Ok, I thought you were considering this type of numbers. I just wasn't sure. It actually does make perfect sense. You just consider the infinite sequence (un) of 0 and 1 and to this sequence you can associate a unique number which is the limit of the infinite series $\Sigma$ un 2-n. On the other hand your limit does not make much sense. You claim, that by making n going to the cardinal of aleph0, you obtain the result, that the cardinal of numbers with finitely many digits is aleph1. However you still do not explain in what sense you take your limit. It surely isn't the classical limit of sequences, since the limit of 2n in the classical sense is simply infinity, which does not say then anything on the cardinality of your set $B_F$, besides that it is infinite, but that's not really what you are trying to prove. Also I would like to add, that the notation of the powerset $2^{\mathbb{N}}$ is a mere notation and isn't anything particularly special, which makes your use of limit even weirder and if I am to be honest, I do not think there is a way to write your limit formally in a way that would be compatible with modern mathematics as it is a very well known result, that a set can't have the same cardinal as its powerset. The proof of this statement is actually not that difficult and is reminiscent of Bertrand Russel's paradox, which I recommend you to check out. If there was a set A with the same cardinal as its powerset, there would be a one to one correspondence between A and $2^A$, let's call it f. You can think of one to one correspondence as a label. To each member x of A, you associate a unique subset of A denoted f(x). One to one simply means, that each subset of A has a unique label. Now we consider a very particular subset of A, which has all the elements x, such that x is not a member of f(x). We call this subset B. Since we know that f is one to one, it means that there is y in A such that B=f(y) and now the question is whether y is in B or not. First let's suppose it is. Then by definition of B y is not in f(y). but f(y) is precisely B. If on the other hand it isn't in B, that means that y is in f(y) by definition of B, but f(y) is B, so y is in B, which is a contradiction. No matter how you put it you obtain something contradictory, which means that the set B does not exist and therefore neither the one to one correspondence f does.
14. ## Cardinality of the set of binary-expressed real numbers

Well honestly I am kind of lost already in your first paragraph. When it mentions "We let n go to the cardinal number of the set of natural numbers", what does that thing even mean? From what I understand, what is called here a binary fractional number, is pretty much a binary number with finite decimals, which actually is simply a rational number. Claiming, that this set has the cardinal of the powerset of natural numbers is a very bold assertion, since it challenges already well established results, so this magical use of limit "We let n go to the cardinal number of the set of natural numbers." had better be very well explained. The problem is that with limits you can make pretty much anything if you don't use them carefully and here, I do not think there is a sufficient justification behind that use of limit. If on the other hand the set of binary fractional numbers is the set of all numbers in [0,1[ written in binary, then it seems to me there is a misrepresentation, because the process that is used to list those numbers only deals with numbers with finite decimals. So yeah it's all quite messy and needs rewriting and I am almost 100% sure, that if those arguments were written correctly a flaw would quickly appear, because one does not simply contradict Cantor's diagonal argument.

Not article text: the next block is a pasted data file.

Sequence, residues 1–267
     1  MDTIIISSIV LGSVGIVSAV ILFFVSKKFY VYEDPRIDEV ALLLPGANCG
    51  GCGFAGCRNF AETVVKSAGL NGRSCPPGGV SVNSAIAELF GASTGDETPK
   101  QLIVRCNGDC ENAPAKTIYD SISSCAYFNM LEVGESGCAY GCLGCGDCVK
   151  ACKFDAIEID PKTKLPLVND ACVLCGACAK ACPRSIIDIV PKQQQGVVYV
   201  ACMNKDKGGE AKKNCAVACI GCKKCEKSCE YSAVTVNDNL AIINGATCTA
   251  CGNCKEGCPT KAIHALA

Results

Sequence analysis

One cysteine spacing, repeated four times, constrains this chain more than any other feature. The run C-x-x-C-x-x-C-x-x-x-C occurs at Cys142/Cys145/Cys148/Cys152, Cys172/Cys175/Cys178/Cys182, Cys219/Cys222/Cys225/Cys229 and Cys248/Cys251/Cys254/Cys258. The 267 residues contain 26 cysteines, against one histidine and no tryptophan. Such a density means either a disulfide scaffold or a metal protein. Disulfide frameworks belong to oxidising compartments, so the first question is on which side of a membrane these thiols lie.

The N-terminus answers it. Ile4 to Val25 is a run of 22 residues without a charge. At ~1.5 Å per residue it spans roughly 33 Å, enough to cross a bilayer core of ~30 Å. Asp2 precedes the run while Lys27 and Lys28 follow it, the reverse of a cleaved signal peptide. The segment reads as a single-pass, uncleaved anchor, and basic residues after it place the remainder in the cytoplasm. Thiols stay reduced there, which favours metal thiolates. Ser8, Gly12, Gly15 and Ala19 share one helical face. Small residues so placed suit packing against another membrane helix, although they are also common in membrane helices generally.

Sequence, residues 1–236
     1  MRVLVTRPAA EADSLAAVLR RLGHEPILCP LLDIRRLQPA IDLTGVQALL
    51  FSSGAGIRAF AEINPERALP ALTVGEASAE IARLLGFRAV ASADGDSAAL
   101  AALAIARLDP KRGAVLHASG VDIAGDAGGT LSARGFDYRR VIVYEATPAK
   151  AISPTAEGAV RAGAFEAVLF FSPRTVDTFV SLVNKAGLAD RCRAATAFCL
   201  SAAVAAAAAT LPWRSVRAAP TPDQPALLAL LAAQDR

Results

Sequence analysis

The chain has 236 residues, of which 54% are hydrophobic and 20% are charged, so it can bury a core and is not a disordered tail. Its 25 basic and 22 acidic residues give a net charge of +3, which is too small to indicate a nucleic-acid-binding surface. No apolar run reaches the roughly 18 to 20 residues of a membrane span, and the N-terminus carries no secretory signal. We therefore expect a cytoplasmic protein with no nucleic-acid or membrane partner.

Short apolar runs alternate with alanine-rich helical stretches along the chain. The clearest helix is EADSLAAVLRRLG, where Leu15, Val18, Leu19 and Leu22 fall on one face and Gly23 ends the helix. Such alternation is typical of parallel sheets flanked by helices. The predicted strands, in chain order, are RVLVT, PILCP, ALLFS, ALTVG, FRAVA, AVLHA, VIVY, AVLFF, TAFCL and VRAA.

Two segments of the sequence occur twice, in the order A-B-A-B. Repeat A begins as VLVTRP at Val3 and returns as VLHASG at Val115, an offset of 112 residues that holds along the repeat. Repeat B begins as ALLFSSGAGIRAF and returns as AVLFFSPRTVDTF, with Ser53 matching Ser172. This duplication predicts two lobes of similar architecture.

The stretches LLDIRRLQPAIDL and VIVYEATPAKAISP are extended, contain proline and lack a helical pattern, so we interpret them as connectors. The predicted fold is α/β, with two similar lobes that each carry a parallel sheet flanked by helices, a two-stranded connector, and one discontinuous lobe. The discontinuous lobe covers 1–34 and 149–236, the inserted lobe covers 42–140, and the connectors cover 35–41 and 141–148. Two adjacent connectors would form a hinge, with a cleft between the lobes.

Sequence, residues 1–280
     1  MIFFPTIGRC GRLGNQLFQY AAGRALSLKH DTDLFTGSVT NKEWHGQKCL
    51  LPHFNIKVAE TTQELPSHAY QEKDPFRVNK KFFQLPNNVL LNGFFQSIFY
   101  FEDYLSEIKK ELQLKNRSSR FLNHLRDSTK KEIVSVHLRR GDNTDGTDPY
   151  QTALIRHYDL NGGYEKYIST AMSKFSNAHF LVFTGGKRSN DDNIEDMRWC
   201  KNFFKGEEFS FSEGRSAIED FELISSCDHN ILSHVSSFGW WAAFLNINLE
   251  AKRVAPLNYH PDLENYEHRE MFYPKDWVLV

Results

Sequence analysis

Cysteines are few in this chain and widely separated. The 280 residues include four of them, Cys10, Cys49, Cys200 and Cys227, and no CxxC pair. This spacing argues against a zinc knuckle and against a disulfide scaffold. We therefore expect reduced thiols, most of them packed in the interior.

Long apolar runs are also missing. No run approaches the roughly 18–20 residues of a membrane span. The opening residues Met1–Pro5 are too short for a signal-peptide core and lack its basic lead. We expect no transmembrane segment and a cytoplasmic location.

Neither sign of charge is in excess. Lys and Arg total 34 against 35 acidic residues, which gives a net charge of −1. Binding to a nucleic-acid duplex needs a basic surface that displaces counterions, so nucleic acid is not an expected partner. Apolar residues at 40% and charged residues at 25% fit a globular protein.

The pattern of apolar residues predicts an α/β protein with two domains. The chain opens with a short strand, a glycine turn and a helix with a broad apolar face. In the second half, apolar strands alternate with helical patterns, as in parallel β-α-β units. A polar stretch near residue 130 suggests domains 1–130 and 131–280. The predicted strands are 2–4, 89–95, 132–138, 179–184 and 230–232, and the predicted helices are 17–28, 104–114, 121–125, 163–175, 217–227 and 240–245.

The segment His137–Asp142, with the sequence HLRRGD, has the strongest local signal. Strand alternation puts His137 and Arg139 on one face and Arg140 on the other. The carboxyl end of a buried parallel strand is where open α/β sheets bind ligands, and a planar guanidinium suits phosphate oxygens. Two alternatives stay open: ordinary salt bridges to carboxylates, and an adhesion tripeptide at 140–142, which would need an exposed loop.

15. ## Are there any good physics books with a more mathematical approach?

Hi. I am not sure whether to put this topic in physics or mathematics, since it's kind of both. I used to take physics courses back when I was an undergraduate student and unfortunately I didn't like them much. Mainly because of how the mathematical models were treated 'poorly'. By that I mean that we lacked rigorous definitions and I wasn't even sure of for instance how regular the functions that we employed were. I once stumbled upon a book whose name I have unfortunately forgotten, but I remember it was about special relativity and it was really written for people with my mindset. To give you an example, it defined a material point as a couple (gamma, m) with gamma an infinitely differentiable curve in a Minkowsky space and m a positive real number. I know that physics is supposed to represent real world and I don't mind that. I just think that as soon as physicists use mathematical representations, they should define their objects well... mathematically. I wanted to ask if you know of other books which take this kind of formal approach to physics? I am mainly interested in classical and relativistic mechanics, electromagnetism and thermodynamics. Again I don't mind references to experiments and physical explanations: it's physics after all, but I would just like that all the formal mathematical part is treated "correctly".
×